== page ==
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Qualified Immunity-Excessive Force

By: WISCONSIN LAW JOURNAL STAFF//May 27, 2024//

Qualified Immunity-Excessive Force

By: WISCONSIN LAW JOURNAL STAFF//May 27, 2024//

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7th Circuit Court of Appeals

Case Name: Charles Brumitt v. Sam Smith

Case No.: 23-1321

Officials: Sykes, Chief Judge, and Kirsch and Pryor, Circuit Judges.

Focus: Qualified Immunity-Excessive Force

Brumitt, while intoxicated and lying on a utility box, was struck by Evansville Police Department Sergeant Sam Smith. Smith punched Brumitt four times in the face, rendering him unconscious. Brumitt subsequently sued Smith under 42 U.S.C. § 1983, alleging that Smith had employed excessive force, thus violating his Fourth Amendment rights. Smith, in turn, sought summary judgment, contending that his use of force was objectively reasonable and that he was entitled to qualified immunity.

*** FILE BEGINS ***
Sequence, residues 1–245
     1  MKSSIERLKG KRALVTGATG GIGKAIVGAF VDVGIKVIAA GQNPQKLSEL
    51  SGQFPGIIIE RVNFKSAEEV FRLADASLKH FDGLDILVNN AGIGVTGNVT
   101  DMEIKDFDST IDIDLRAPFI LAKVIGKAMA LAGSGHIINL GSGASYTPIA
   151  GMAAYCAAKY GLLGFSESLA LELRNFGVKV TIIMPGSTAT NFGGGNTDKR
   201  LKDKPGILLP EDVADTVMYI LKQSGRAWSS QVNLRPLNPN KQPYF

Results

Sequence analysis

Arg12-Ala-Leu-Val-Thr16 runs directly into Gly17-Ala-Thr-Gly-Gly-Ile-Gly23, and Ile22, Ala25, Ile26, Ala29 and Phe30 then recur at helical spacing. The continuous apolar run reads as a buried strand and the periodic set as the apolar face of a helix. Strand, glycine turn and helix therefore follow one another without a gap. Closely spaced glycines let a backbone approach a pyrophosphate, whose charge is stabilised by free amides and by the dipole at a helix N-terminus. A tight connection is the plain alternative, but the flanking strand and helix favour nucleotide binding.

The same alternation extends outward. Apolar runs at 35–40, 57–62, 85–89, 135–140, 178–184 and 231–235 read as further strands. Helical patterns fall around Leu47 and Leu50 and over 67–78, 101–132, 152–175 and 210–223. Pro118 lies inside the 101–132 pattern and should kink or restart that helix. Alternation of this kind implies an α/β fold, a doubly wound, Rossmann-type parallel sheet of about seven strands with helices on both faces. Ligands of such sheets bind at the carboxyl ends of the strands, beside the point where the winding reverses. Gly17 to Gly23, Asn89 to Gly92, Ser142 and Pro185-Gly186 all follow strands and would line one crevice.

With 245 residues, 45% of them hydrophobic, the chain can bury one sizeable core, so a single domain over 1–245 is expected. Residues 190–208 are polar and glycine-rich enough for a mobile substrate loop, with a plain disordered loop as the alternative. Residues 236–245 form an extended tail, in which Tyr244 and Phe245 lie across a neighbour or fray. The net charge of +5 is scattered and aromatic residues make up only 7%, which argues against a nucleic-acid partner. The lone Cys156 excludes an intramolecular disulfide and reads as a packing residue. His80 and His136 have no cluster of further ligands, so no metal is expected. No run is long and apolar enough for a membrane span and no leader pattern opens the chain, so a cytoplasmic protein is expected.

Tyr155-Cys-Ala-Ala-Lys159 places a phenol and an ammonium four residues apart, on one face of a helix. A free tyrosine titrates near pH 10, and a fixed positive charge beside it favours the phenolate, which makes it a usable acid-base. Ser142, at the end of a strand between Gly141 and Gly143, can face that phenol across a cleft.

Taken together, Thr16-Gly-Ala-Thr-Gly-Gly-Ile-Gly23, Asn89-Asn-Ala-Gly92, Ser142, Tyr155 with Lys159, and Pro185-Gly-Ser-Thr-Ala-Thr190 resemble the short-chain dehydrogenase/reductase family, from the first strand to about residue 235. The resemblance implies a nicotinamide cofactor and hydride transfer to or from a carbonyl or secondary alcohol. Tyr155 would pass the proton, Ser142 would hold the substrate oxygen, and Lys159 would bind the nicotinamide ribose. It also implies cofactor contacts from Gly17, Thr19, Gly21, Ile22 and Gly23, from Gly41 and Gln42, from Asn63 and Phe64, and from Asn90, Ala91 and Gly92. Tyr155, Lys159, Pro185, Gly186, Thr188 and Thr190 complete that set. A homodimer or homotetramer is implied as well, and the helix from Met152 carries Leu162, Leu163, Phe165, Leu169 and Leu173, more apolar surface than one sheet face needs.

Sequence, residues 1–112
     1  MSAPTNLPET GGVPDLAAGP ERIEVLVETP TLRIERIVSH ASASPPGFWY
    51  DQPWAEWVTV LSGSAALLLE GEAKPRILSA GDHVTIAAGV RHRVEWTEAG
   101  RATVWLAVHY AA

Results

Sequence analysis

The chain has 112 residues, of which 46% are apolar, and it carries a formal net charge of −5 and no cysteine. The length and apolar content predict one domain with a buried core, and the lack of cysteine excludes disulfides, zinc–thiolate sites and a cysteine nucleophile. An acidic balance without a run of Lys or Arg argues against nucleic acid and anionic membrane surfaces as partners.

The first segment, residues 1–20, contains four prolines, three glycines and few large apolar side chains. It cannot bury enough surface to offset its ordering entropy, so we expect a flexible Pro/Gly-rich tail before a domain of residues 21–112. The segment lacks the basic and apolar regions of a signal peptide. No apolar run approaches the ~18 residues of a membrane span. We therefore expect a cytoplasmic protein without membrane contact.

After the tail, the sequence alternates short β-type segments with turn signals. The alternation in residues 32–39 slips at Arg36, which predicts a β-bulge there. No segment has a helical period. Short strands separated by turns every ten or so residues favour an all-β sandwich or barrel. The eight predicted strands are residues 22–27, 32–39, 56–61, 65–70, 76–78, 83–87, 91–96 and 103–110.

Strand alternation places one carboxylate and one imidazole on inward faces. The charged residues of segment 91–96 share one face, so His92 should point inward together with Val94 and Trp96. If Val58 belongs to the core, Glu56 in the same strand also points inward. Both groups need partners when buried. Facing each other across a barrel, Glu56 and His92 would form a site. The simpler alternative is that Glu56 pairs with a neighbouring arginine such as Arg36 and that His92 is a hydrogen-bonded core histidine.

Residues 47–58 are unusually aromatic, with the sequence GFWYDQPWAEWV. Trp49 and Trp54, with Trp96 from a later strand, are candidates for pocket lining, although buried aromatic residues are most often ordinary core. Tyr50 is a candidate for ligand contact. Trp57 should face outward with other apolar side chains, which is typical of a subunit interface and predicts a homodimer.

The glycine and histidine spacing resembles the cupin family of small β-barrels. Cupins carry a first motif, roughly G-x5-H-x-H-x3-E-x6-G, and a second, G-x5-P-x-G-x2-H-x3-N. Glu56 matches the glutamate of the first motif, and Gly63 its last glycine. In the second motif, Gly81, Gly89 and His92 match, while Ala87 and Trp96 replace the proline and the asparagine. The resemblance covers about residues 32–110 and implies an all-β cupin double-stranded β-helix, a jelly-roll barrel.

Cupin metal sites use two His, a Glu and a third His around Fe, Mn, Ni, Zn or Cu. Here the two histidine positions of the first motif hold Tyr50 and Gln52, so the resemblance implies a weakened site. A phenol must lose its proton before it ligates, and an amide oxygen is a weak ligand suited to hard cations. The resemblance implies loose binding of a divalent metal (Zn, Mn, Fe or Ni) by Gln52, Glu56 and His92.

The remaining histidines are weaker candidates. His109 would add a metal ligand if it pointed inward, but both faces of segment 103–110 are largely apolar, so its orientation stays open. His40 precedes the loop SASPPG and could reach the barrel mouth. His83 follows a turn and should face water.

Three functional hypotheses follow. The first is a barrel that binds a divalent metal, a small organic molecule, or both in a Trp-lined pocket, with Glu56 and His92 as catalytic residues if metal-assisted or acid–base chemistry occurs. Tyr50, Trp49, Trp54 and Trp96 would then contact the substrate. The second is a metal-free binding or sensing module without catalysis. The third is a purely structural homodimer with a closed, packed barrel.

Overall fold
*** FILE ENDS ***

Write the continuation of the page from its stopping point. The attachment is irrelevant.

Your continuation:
The district court rejected Smith’s motion for summary judgment, determining that unresolved factual disputes precluded a definitive ruling on the reasonableness of Smith’s actions and his entitlement to qualified immunity. It affirmed that Brumitt’s asserted right—to be free from force once subdued—was well-established. Smith appealed this decision.

The Seventh Circuit found that Brumitt had not sufficiently demonstrated that Smith had violated a clearly established right. The appellate court emphasized that no precedent clearly mandated that an officer must reassess their use of force within a timeframe of fewer than four seconds. Consequently, Smith was deemed entitled to qualified immunity. The court directed the case to be remanded with instructions to render judgment in favor of Smith on the Fourth Amendment claim.

Reversed and remanded.

Decided 05/20/24

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